Experts develop disease resistant cassava after 9-year research
After nine-year research, a team of scientists from the Kenya Agricultural Livestock Research Organization (Kalro) has developed new cassava seeds that are genetically modified.
Farmers in Western, Coast and Central regions may soon start planting the disease resistant and high yielding variety should the government adopt Genetically Modified Organism (GMO) crops.
Alupe in Teso South Constituency is one of the three research centres where confined field trials have been taking place.
Director-General of Kalro Eliud Kireger and Lead Scientist for the Virus Resistant Cassava for Africa Project (Virca Plus) Dr Douglas Miano led a team of experts in inspecting the trials in Alupe over the weekend.
Cassava mosaic and cassava brown streak are the most common diseases that affect the leaves and roots of the particular crop respectively thus reducing the yields.
Miano said research on genetically modified variety started in 2011 and assured that it was safe both for human and animal consumption.
According to him, they are waiting is the approval of the biotechnology crop by the National Biosafety Authority and other regulatory agencies.
“We have assessed the new technology and concluded that it is working, the crop is safe for consumption and environmentally friendly,” said Dr Miano.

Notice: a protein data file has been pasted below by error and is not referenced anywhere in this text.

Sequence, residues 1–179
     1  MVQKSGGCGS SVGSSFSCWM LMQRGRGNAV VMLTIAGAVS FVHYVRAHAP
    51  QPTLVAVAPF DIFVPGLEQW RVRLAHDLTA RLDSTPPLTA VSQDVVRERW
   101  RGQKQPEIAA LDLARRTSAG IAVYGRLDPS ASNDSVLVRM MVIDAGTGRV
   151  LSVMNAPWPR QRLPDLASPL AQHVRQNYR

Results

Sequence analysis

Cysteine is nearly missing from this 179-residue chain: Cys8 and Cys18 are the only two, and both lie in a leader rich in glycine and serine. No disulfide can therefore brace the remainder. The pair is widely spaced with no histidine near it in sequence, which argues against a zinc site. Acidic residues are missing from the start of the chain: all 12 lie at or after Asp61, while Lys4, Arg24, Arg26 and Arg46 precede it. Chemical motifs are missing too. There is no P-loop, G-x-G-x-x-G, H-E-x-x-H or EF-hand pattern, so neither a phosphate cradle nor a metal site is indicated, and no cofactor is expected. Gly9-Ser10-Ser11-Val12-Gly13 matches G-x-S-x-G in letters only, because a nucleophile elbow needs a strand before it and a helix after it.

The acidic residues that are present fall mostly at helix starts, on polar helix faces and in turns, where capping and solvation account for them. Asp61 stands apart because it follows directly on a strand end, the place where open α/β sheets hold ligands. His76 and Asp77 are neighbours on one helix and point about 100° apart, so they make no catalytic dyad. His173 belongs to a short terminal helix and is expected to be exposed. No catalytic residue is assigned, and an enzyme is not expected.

He continued,” The team took the disease-prone cassava seeds that is commonly planted in Kenya and added in some modern technology to make it resistant to diseases.”
Many cases of people who died after allegedly eating cassava or being admitted for consuming the cassava have been reported in different places.
Miano said should farmers in Western, Central and Coast regions embrace the new variety then such cases may no longer be witnessed.
The government’s ban on GMO crops remains the biggest challenge to the new development.
“The government should lift the ban so that we can roll out the new variety to farmers. One acre can produce 30 tonnes as opposed to the old variety where the farmer gets at least nine tonnes per acre,” said Miano.
The Director-General of Kalro Eliud Kireger there is a need for the government to lift the ban. “We shall continue to convince the policymakers why genetically modified crops are good for farmers,” said Kireger.
He said Coast, Central and Western will have their own varieties due to different climates in those regions.
Tangakona Commercial Group chair Cathrine Otaga hailed the modified variety of the cassava and noted that farmers are bound to benefit immensely due to its high yields.
The group owns a factory which mills cassava, packages and sell the flour to local consumers. “As processers, we are keen on seeing farmers who sell cassava to us start planting disease-resistant crops,” said Ms Otaga.